Worse Than It Looks
A close reading of the red line.
Sep 23, 2013, Vol. 19, No. 03 • By JEREMY RABKIN
It now seems to be the general consensus that President Obama’s Syria policy is a contradictory mess. But that’s only how it appears on the surface. Probe a bit deeper and it’s very seriously deranged.
The most obvious problem is symptomatic of the rest. Why draw a red line against the use of chemical weapons? For over two years, President Obama has kept aloof from the Syrian conflict. More than 100,000 people have died in the ensuing slaughter. But Obama insisted the United States must take action to confront the last 1 percent of those deaths—people killed by chemical weapons. Why draw the line there?
One can say death by chemical weapons is particularly gruesome. But gunfire and artillery don’t usually induce painless oblivion. Anyway, deaths from hacking machetes must be quite as agonizing as those from chemically induced seizures. That did not rouse the United States to intervene in Rwanda, when nearly a million civilians were killed that way. Nor to intervene in ongoing wars in central Africa, which have brought a more staggering death toll over the last 30 years.
Cynics assume the president simply got trapped by his impulsive comments about red lines a year ago, and that all policy lurches since then have simply aimed at preserving his own credibility. But I don’t think he chose that red line impulsively. Nor was he compelled by longstanding international understandings. Saddam Hussein used these weapons against Iranian soldiers and then Iraqi Kurds (including civilians) as recently as the 1980s. There was no serious international response at the time, no specific deterrent threat from the United States.
But human rights activists did start to mobilize then to suppress chemical weapons, seeing that as an achievable goal for humanitarian effort. And amidst the optimism of the post-Cold War era, they helped secure the 1993 Chemical Weapons Convention, banning even the possession of these weapons. I think the president’s red line is best understood as a commitment to stand by the priorities of international rights activists—such as his U.N. ambassador, Samantha Power.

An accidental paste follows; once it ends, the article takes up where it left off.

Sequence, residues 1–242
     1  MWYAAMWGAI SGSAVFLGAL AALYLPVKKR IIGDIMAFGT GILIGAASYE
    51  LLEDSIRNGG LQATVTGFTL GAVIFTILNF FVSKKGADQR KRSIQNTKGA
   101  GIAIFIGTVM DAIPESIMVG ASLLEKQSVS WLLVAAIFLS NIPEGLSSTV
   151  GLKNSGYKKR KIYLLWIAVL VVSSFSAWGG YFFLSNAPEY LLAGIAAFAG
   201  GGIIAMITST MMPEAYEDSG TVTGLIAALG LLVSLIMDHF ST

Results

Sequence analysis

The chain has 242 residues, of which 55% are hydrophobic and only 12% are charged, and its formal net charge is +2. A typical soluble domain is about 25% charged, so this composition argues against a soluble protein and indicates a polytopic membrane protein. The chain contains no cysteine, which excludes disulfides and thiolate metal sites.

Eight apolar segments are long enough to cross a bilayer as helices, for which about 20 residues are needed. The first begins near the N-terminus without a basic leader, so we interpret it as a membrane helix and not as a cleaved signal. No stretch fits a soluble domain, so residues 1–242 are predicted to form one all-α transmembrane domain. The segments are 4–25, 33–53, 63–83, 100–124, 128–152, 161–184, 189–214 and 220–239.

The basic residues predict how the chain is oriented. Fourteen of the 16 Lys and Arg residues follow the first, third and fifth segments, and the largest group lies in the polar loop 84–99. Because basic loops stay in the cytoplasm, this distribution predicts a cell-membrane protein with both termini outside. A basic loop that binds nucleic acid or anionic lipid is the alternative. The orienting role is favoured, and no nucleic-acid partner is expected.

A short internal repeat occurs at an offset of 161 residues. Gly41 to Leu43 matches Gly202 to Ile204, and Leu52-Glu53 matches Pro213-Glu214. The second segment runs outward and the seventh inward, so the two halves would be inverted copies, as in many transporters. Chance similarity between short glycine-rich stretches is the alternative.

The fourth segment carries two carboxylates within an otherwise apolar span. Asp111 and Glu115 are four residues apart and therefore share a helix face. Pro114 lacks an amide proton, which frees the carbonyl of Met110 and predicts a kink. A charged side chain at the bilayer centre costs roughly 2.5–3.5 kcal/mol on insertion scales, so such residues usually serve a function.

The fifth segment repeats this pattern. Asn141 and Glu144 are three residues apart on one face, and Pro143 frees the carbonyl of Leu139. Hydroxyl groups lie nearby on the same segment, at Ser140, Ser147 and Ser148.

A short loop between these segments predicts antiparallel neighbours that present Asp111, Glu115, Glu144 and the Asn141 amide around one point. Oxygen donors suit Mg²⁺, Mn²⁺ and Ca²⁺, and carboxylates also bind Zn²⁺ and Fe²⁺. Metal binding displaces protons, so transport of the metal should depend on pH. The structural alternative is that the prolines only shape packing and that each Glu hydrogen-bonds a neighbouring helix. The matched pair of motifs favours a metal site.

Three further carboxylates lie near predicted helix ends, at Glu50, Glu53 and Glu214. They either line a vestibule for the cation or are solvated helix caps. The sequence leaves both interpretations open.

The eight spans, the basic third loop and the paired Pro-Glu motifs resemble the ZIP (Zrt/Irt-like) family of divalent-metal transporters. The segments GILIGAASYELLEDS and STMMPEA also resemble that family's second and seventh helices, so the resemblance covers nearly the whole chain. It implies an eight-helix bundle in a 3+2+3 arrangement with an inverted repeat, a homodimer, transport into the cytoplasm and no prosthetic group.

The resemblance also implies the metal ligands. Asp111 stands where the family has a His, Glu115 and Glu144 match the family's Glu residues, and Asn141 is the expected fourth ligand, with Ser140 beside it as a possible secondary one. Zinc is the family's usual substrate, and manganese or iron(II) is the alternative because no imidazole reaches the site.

But that raises the next problem. If you want to be legalistic, Syria is not a signatory of that convention. The president brushed that aside on the grounds that 98 percent of the world’s people live under governments that have repudiated chemical weapons. Well, by that logic, various conventions not actually ratified by the United States—including mischievous human rights treaties, like the Convention on the Rights of the Child, and worrisome arms control agreements, like the convention against landmines—should still be binding on us because almost all other governments have endorsed them. Is that an approach to international law that can be embraced by the president of the United States?
We can stipulate that views about chemical weapons have evolved in recent times—say, since the Second World War, when we stockpiled a lot of them so that we might retaliate in kind if they were used against us. We can also stipulate that these weapons are now viewed as so abhorrent that we wouldn’t even think to use them in retaliation (as we promised we wouldn’t when we ratified the Chemical Weapons Convention in 1998). That doesn’t mean we have the right—let alone the obligation—to impose punishing military strikes against any country that does use them, if they are not used on us or on our allies.
The view expressed by the president is a startling innovation in international law, at least as the law has developed since the 17th century, when European states renounced religious wars. Everyone sees the point in domestic affairs. If your neighbor breaks into your house, you can defend yourself with force. If your neighbor violates drug laws in his own house, you call the police. If you hear screams from next door but you know your neighbor is armed and police are far away, you had better be cautious and at least round up other neighbors to help.
The president’s view would make the U.S military the world’s policeman—literally. But a policeman acting with no courts to constrain it. The traditional view was that the absence of reliable international controls made it more important for powerful states to act with restraint. It certainly moved other states to distrust claims by great powers to be acting from disinterested, humanitarian motives.
Recent Blog Posts